mondieu - portable alternative for freebsd-update.
mondieu is a simple replacement for freebsd-update. It allows you to just upgrade to whatever version of a FreeBSD release you want, as long as you have the releases' tarballs.
Just like freebsd-update it will scan your current filesystem and build a list of files that differ from the release. After confirming the list, it will be installed and you will get the chance to manually merge your config files. Unlike freebsd-update, this merging can't be done automatically lacking a common reference point for both releases.
mondieu is pretty easy to use and will take a couple of minutes to completely upgrade your system.
mondieu 10.1-RELEASE will download tarballs for 10.1-RELEASE from FreeBSD's primary source and install the files to your current system.
Optionally, these parameters can be used to customize mondieu's behaviour:
- -a architecture (default: current architecture)
- -d alternative chroot (default: /)
- -h show you these settings
- -F run `freebsd-update fetch install' afterwards
- -p parts of FreeBSD that are considered (default: kernel,base)
- -u hostname for fetching release (default: ftp.freebsd.org)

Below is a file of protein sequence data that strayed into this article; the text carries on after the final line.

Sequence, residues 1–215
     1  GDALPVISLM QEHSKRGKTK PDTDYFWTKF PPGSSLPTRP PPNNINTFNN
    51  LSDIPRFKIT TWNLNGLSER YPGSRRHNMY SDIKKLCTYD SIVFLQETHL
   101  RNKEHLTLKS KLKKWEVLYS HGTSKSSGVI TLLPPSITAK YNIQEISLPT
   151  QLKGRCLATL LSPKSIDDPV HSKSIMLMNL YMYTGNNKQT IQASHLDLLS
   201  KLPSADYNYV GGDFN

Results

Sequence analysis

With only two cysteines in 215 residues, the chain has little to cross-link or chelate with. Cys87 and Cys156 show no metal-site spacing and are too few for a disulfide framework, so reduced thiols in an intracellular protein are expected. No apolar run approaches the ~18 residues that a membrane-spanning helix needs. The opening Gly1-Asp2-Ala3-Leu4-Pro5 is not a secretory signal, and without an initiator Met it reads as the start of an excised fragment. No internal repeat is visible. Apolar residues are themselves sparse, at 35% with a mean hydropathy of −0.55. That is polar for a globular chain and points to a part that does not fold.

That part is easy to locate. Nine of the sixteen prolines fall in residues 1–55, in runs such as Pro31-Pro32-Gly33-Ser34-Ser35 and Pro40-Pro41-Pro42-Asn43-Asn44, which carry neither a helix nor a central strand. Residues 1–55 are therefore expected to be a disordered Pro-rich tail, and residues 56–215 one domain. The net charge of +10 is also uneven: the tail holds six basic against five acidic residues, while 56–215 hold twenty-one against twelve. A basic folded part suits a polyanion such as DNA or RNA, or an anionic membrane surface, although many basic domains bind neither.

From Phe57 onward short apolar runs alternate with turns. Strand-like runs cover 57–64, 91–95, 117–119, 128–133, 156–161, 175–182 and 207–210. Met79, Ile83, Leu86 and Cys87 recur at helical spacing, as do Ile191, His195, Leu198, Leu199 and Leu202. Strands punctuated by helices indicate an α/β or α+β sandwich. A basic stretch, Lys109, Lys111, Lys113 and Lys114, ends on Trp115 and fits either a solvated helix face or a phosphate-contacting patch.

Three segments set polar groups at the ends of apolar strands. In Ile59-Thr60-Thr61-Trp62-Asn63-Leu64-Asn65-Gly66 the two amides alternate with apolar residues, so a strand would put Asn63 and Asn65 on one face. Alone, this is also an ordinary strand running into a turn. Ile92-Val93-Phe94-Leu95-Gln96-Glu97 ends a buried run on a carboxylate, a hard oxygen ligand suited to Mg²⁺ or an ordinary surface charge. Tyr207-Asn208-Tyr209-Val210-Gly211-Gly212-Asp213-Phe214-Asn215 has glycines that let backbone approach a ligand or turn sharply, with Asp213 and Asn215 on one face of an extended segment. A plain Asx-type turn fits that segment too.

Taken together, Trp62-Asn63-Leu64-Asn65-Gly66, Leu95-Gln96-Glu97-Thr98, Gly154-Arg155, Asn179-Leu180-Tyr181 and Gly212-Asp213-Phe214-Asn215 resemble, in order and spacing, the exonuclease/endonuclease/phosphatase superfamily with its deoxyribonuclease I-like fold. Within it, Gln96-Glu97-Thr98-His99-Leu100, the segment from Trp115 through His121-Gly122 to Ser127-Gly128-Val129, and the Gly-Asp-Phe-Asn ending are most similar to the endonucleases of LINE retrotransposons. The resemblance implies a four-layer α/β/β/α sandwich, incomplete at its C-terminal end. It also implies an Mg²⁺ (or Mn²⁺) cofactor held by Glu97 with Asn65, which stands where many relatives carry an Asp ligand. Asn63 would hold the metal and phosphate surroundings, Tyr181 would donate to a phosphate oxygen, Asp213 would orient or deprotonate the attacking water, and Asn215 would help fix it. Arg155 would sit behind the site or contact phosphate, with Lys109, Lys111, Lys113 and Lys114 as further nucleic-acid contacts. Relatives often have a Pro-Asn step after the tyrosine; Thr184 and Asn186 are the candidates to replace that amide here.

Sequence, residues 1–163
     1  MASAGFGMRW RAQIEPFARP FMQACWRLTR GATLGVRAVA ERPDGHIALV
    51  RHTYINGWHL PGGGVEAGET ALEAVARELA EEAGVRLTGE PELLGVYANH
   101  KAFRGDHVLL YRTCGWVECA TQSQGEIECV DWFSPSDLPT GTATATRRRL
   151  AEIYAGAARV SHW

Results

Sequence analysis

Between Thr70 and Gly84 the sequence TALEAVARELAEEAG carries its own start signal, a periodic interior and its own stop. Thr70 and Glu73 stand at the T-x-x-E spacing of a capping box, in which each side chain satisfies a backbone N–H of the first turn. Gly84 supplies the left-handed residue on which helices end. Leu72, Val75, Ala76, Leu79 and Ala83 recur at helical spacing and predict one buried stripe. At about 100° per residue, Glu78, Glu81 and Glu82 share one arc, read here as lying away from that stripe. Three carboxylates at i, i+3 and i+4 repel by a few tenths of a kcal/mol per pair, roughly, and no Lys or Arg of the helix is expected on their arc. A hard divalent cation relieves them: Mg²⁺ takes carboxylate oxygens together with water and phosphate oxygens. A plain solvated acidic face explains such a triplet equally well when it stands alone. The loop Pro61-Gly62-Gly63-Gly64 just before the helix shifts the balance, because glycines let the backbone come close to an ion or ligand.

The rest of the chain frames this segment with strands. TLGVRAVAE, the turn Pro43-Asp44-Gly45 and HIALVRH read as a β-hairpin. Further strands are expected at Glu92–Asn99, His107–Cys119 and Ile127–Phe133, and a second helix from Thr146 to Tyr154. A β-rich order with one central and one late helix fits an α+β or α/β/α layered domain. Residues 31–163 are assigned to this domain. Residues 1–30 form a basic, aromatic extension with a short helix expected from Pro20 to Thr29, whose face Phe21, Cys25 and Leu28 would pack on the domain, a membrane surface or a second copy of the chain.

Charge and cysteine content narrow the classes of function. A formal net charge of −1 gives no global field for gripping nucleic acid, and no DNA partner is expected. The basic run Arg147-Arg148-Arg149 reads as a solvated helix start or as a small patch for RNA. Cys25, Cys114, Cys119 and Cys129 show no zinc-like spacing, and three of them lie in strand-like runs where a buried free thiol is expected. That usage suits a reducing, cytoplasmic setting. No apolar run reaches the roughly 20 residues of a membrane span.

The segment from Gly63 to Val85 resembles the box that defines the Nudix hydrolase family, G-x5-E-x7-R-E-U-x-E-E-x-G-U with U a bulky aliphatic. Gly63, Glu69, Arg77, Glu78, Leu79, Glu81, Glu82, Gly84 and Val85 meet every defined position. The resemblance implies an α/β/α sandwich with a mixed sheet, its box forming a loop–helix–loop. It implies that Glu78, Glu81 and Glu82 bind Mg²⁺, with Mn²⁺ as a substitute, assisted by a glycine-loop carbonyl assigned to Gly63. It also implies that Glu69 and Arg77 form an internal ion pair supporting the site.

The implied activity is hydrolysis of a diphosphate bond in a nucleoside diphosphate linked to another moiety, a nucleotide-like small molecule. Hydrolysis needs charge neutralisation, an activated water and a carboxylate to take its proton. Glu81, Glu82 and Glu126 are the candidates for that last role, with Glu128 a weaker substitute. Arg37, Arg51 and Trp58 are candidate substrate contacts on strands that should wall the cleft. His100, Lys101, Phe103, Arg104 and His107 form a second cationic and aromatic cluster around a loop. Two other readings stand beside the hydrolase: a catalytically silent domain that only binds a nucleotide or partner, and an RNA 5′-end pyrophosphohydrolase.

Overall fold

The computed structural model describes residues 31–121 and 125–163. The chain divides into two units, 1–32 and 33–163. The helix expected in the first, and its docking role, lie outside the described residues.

- -U specific URL for fetching release archives. This overrides -u
- -V show version
- -w don't manually merge these files but overwrite with new version
- -x ignore files for manual merge
- -X ignore files for manual merge when matching this pattern
- -y don't ask for confirmation, install the new files already (but still require manual merge, if needed)
Note: both -w and -x expect a single argument, so use quotes to define more files
Combine mondieu with beadm to create snapshots of your current filesystem before upgrading. When everything went smoothly, activate the snapshot as you current root filesystem and boot into it or otherwise revert:
beadm create myupgrade beadm mount myupgrade /mnt mondieu -d /mnt 10.1-RELEASE beadm umount myupgrade beadm activate myupgrade reboot
Note: this will only work when your root filesystem has been prepared for this. Read beadm's HOWTO for instructions how you should prepare your filesystem to benefit from beadm.
- check signature of downloaded tarballs
- support for tarballs on the filesystem instead of remote location
- detection of which parts (eg. kernel, base and doc) should be installed
- merging configuration files cannot be done automatically since there is no common reference point for your current release and the one you're upgrading to.
- same goes for deleting deprecated files, there is currently no way of knowing which files can be deleted.
Please help me make this tool better. Send feedback or even a pull request and help improve where you can.